And it’s not good enough to tell your customers that everything is good. Sure, it wouldn’t be on the menu if it wasn’t good, but that’s not an answer. The best way to approach highlighting your menu is to find several items that you can confidently offer that have three distinctive qualities: 1, They are items that you make better than anyone else, or better yet, are exclusive to your business in some way; 2, They are items that are fairly easy to make, yet not easy at all for your customers to make at home, and 3, They have a higher-than-average plate contribution. And by plate contribution, I’m not talking about food-cost percentage, which can be misleading, but rather I’m talking about dollars to the bank. In other words, the product can have a 50 percent food-cost percentage and still be a great item because it generates more actual cash to the bank than most of the other items on the menu.

And call attention to your best items on the menu with specific highlights. Make sure that when your customers look at the menu they can tell immediately what you recommend in your restaurant. As an example, on the Mama Asian Noodles menu we highlighted several items with a change in background color, change in name type color and an actual box to border off the items we want consumers to try. If Mike takes a few moments every day (yes, server training is an everyday task) to reinforce those items with his servers, they will sell better. And when they do, Mike will make more money in his restaurant (and so, too will his servers in higher tips).

You’re A Professional, Get Professional Design Help

Mama Asian Menu DesignA restaurant is successful because it offers special foods, an exclusive method for preparing those foods and a unique décor that sets the foods apart from any other restaurant. And yet so many restaurant operators try to find a way to make their menu themselves either by using a menu development program or finding a cookie-cutter style menu process on the web. And then their menus wind up looking almost like those in every other restaurant up and down the street. In the mind of the customer, the restaurants all start to blend together. And when that happens, your products become more about price than about an experience that can only be gotten from you.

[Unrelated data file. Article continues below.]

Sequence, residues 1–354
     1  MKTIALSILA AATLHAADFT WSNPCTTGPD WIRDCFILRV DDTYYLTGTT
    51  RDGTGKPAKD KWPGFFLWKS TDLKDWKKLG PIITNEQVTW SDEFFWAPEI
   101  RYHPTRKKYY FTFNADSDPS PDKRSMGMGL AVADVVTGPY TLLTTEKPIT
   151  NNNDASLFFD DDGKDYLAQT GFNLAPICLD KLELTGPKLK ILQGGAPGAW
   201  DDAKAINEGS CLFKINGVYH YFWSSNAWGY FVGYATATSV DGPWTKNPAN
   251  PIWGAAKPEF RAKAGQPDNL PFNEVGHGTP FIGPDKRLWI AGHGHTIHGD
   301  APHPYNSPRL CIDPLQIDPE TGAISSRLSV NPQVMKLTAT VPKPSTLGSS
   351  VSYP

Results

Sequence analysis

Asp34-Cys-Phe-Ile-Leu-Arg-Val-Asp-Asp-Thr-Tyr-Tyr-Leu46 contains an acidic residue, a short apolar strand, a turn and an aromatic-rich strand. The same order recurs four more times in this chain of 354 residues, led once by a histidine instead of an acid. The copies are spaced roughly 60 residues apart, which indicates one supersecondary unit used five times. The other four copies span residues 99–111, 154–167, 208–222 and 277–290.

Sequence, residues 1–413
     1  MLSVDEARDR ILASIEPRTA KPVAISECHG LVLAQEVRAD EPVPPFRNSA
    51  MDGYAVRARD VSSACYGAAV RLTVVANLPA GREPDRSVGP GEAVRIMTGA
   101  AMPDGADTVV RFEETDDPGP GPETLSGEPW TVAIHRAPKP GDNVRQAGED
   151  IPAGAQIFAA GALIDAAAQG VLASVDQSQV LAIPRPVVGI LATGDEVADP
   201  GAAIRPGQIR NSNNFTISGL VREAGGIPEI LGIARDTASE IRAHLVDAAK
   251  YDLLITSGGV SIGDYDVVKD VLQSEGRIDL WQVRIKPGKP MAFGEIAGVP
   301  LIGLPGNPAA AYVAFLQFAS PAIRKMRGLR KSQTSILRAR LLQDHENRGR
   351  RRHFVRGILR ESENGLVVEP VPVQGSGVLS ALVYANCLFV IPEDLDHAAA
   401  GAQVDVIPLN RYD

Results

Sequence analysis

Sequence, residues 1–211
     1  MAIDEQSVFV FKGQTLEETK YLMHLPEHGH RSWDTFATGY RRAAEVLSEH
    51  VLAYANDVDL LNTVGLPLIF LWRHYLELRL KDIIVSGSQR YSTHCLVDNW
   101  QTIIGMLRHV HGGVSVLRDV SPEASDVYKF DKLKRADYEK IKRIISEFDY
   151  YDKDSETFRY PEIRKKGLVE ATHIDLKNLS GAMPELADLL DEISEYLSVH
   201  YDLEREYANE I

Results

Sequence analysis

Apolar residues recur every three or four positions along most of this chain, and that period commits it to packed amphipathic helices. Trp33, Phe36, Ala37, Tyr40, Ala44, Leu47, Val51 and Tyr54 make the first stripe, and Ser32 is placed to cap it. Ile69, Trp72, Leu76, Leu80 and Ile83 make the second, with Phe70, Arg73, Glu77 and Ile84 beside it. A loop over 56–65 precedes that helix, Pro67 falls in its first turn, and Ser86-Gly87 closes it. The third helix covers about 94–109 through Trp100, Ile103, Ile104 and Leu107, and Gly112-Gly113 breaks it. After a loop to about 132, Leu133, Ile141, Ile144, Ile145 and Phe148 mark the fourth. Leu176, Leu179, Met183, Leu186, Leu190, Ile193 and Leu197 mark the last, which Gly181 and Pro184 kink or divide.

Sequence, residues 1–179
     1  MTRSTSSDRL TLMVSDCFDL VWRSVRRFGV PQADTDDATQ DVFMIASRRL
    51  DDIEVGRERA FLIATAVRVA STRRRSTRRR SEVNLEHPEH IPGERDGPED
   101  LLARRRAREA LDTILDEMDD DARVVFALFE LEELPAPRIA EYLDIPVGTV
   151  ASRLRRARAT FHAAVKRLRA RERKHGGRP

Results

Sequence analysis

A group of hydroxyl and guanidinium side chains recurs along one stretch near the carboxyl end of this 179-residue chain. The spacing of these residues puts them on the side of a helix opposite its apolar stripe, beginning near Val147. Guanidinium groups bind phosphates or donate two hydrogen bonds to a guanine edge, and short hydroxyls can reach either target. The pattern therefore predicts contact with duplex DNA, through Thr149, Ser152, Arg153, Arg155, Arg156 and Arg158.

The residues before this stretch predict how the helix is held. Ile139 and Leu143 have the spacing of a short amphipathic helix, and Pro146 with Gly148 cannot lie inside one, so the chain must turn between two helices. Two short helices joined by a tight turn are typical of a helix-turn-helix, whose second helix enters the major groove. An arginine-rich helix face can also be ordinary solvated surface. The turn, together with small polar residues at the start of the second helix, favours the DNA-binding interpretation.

The Mama Asian Noodles menu was no exception. The previous menu looked like it had been sprayed onto the pages with a garden hose, with huge blocks of type and little prices all lined up waiting to be judged. Nothing about the menu was interesting, positioned properly or had any of the Mama Asian Noodles brand emanating through it. This does a huge disservice not only to the brand, but also to the consumer, because it essentially takes all the romance out of dinning at a restaurant. And it tells the customer that you don’t care enough to do something better.

Dinning at a restaurant is like a mini vacation. It should be fun and exciting, and the menu should enhance the experience rather than detract from it. When your customers hold your restaurant menu in their hands, the design needs to tell them they came to the right place, the food is going to be really terrific, and you’ve thought this whole experience through to the smallest detail.

And finally, the menu should tell your guests not to try making these same delicious foods at home on their own. Which is sage advice that will benefit you and your sales, as well.